Saving a Neighborhood
A threatened district in DeLand beams again with
a much-deserved face-lift.
2004 Southern Living. Reprinted with permission.
By CAROLANNE GRIFFITH ROBERTS
If seeing is believing, it’s probably best that Michael E.
Arth agreed to buy his first houses in DeLand sight unseen. Even
now, after he helped to transform a neighborhood on the fringe of
downtown, the developer shakes his head in amazement.
had lived in Hollywood, California, just under the sign, with actor
Keanu Reeves as my upstairs tenant,” he explains. “Then
I moved to Santa Barbara and met my wife. I’ve always had
a passion for urban design and was always trying to design a better
town. The Garden District presents me with a living laboratory of
how to rebuild an existing neighborhood as a trial run for building
a new town.”
Phoenix Court stands at the center of the DeLand
its bungalows happily housing people who want to live close to downtown.
living lab appeared to be more a living something-else when Michael
and his Bulgarian-born wife, Maya, arrived here from California
in late 2000. “He was so excited that he drove right to the
neighborhood even though I warned him to call me first,” recalls
Maggi Hall, a real estate broker and preservationist who initiated
the revitalization project. “I opened my door, and there stood
Michael and Maya. His face was as white as my shirt. I knew they’d
already seen it.”
fences and bright colors provide Garden District homes with
a promising future. Their drug-dealer drab is a mere memory
neighborhood in question—known around DeLand as Crack Town—strutted
its worst at night. Drug dealers inhabited the crumbling houses—and,
needless to say, they didn’t welcome urban planning visitors.
“When we looked at it the next morning in the searing light
of day, the vampires were back in their dens,” says Michael.
the drug lords had landed themselves in the heart of DeLand’s
treasured past. “One hundred years ago, this was an upper
middle-class neighborhood with fine, stately homes,” Michael
recounts. Then, with the urban flight pattern of the 1970s, the
neighborhood sank into despair and cocaine.
Plan in Place
After moving into one of the former crack houses, Michael managed
to buy 28 homes, but he had to fight off nightmares and threats
at night. At her husband’s bidding, Maya, pregnant with daughter
Sophie, retreated to Bulgaria temporarily.
Gena Swartz and developer Michael E. Arth share a moment of
happy triumph as yet another house moves toward restoration.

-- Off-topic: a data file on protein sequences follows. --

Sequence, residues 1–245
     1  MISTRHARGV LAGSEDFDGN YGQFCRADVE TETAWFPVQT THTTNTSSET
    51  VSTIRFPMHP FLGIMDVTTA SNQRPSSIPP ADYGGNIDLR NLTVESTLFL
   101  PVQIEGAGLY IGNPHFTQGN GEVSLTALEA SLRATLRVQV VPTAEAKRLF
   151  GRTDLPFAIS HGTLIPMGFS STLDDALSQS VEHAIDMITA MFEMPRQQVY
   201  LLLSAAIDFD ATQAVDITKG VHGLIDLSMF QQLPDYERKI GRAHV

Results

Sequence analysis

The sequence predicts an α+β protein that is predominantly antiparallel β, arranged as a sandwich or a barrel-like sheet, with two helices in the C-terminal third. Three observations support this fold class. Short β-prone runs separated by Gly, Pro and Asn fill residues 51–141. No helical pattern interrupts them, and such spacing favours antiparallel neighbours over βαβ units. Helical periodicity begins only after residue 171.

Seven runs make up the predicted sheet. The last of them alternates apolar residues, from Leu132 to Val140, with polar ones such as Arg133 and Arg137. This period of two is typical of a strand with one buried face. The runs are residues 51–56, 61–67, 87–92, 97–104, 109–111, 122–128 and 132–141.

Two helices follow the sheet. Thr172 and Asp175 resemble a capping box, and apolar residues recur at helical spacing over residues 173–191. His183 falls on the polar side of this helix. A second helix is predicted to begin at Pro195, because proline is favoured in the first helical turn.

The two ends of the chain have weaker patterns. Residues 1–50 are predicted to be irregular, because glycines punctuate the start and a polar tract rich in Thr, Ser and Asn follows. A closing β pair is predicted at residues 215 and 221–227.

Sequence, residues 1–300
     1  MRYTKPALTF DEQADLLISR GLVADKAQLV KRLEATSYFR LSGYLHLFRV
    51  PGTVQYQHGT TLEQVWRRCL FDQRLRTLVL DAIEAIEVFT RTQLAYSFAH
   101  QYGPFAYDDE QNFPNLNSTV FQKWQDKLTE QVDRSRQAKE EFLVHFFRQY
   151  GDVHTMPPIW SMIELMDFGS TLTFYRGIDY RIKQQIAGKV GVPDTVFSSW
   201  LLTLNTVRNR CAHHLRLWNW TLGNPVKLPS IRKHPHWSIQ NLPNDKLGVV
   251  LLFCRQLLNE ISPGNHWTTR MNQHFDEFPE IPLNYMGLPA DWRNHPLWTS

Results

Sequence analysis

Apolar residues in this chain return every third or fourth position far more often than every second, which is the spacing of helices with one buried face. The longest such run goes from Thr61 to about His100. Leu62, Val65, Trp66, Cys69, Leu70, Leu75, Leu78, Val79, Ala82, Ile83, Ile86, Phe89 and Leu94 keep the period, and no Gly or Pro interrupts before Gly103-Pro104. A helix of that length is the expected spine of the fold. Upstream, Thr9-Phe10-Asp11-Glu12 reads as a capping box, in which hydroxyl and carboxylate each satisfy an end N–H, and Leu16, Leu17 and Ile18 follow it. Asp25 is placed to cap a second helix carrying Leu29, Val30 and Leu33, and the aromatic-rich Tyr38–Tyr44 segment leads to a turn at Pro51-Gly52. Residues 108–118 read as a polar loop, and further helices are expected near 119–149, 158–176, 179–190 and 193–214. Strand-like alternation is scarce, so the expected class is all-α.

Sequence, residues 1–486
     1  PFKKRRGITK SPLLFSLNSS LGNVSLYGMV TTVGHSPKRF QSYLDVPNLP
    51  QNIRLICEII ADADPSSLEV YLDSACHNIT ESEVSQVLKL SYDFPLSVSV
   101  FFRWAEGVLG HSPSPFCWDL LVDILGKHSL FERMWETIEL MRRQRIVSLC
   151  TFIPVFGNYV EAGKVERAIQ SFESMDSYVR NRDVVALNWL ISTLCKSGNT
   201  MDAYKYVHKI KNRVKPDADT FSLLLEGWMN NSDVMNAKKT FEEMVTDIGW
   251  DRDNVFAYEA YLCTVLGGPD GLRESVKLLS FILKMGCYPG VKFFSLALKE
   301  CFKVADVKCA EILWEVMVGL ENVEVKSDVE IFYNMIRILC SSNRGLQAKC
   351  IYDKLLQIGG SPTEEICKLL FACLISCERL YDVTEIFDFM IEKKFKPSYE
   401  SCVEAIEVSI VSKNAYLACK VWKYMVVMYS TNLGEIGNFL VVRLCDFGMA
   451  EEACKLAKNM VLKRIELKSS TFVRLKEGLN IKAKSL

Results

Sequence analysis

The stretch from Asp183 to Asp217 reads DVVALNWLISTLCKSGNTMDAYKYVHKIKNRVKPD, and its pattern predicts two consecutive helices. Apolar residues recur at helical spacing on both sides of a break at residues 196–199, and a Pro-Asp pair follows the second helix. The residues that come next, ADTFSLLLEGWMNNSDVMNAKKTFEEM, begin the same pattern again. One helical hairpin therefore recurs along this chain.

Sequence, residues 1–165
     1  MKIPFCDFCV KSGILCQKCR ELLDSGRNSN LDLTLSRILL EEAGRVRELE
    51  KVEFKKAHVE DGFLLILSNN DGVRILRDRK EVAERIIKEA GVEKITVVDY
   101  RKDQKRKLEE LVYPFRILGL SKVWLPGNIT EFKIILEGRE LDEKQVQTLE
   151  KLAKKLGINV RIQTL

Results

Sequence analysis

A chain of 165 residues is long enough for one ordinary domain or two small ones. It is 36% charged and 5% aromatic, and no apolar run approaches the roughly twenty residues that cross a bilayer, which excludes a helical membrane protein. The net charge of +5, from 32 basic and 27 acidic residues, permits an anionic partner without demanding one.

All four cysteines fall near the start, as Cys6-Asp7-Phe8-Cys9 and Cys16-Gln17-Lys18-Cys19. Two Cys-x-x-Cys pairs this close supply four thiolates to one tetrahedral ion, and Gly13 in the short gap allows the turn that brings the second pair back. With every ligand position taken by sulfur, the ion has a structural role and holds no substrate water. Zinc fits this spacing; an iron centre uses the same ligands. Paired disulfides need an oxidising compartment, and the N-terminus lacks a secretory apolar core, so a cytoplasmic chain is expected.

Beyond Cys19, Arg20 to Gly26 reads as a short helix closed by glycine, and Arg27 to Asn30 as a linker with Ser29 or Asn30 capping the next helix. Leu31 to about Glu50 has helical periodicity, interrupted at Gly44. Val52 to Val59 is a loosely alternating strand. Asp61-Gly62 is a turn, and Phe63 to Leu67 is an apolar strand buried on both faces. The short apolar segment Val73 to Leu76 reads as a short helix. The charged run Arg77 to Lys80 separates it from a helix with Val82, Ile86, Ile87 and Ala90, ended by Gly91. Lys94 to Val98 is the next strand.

the drug community got the message and did relocate. Michael,
left with crumbling buildings and a sheaf of carefully drawn plans,
energetically began stabilizing and shoring up the neighborhood,
one building at a time. He put up white picket fences, painted houses
bright colors, and hid parking off the street to encourage walking.
With help from the city, he planted rows of palms where old
oak trees once stood.
though the work isn’t quite finished, the look and feel attracts
buyers and renters alike. On a sunny DeLand morning, a few of the
district’s citizens gather to talk about their own involvement.
is realtor Maggi Hall, whose daughter and son-in-law bought a house
in the Garden District. Maggi invested in a whole cluster of the
homes herself, which led friend Gena Swartz and her husband to do
the same. There are a total of 15 investors in the project.
One thing that fueled Maggi’s interest in the area was the
city’s plan to build a multimillion-dollar intermodal transportation
center in the troubled district. City leaders helped rescue Crack
Town, supporting efforts for change.
reports happily that one of the three houses she restored has indeed
sold. She’s entertaining ideas of moving into one herself,
adding, “This is downtown living, like Mayberry. That
was my inspiration.”
Maya and Michael E. Arth arrived in DeLand, their current
surroundings weren’t the likely place to raise a daughter—but
Sophie was born at home in the very neighborhood her father
helped restore to glowing health.
around the table nod. Jane Harris and Rick Hutchinson report getting
frequent calls to rent apartments in the buildings they’ve
restored. Rick, a home-improvement professional, agreed that the
risk of taking on seven houses and the apartment building far outweighed
playing the stock market.
Everyone jumps in with tales. Janet Bollum, owner of a local bookstore,
relates a horror story. “The house I bought had tunnels and
a guy living in the laundry room. I filled up three entire dumpsters
with things from that house.”
looks on with pleasure. He calls DeLand home base, not just a business
proposition. “I feel good now,” he says, “especially
when the flowers are blooming and the birds are chirping. I don’t
hear what I used to hear—very loud music from passing
cars, people screaming, and gun shots.” From guns to Garden
District, the neighborhood’s journey comes full circle with
only good things ahead.